The five boroughs of New York City are, despite national and international economic troubles, actually not in the worst shape. But one borough is having a rougher go of it than the rest. The Bronx isn't burning anymore, but it isn't exactly so hot right now, either. For one example, it has had by far the slowest growth in average household incomes in the city since the 1970s. So how to improve the situation? A fun piece in the this week's Times Magazine argues that maybe the borough just needs to...try and emulate Pittsburgh?

The paper actually makes a pretty interesting argument, too. Because the truth of the matter is that, like Staten Island, the Bronx is just different from its siblings:

“It’s not an accident,” says Dart Westphal, a former community developer who has lived in the Bronx for decades. Brooklyn and Queens were once collections of independent towns whose homegrown economies were rooted in Long Island agriculture, not Manhattan mercantilism. Local elites built expensive town houses on tree-lined streets. These neighborhoods fell on hard times during the 1970s, but their expensive stock was perfectly positioned for revitalization as the Manhattan boom of the past few decades pushed young professionals across the river. The Bronx, however, never developed its own economic drivers. It became, by the late 19th century, a haven for immigrants attracted to (but unable to afford) Manhattan. The borough developed far fewer wealthy areas, and many neighborhoods became devoted to less-gentrifiable housing units.

As such the borough is really not going to one day become the home of the next Williamsburg or Long Island City (sorry SoBro!). At least not anytime soon. So instead, the borough needs to embrace what it does have: which is a whole lot of space and infrastructure, lots of labor, and a lot of people in the health and education fields.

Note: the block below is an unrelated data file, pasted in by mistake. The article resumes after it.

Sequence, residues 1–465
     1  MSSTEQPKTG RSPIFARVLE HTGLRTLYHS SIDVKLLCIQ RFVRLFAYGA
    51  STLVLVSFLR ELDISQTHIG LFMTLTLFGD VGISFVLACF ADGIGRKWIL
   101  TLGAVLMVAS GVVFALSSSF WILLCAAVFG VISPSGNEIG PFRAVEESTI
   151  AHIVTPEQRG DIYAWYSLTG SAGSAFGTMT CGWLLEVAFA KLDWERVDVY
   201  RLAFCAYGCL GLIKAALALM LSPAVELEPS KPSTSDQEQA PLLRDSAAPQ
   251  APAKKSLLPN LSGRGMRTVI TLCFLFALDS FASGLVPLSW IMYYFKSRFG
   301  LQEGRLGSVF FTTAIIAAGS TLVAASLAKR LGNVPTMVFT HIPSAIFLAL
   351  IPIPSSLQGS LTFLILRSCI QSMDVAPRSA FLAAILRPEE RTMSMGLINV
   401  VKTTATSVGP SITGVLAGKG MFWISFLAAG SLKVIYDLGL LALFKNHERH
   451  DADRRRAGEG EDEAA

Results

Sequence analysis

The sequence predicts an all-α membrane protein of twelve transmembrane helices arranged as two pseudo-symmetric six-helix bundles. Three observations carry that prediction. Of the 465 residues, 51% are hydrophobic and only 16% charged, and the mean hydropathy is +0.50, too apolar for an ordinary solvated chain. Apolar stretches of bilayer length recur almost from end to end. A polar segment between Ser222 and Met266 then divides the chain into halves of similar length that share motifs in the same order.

"For economic inspiration, [Bruce Katz, director of the Metropolitan Policy Program at the Brookings Institution] suggests, the Bronx should look outside New York. Pittsburgh lost its steel industry, but the city — home to Carnegie Mellon, Pitt and other research institutions — redefined itself as a solid second-tier educational and research center." And in fact, per capita income in the Bronx has been growing much faster in the past decade than it has in cities like Pittsburgh. So why not hammer the victory home? Unlike the many struggling former industrial cities that the borough easily compares to, it already has a huge bonus on its side: It has the rest of the city just a quick subway ride away.

And you know one thing that would really help the borough? Maybe, in addition to that Fresh Direct freebie, giving it some of that sweet, sweet high tech campus cash the city keeps coming up with and throwing at Roosevelt Island and Brooklyn. NYU wants to expand so bad? Why not open the school's next satellite campus in the Bronx. It was there before!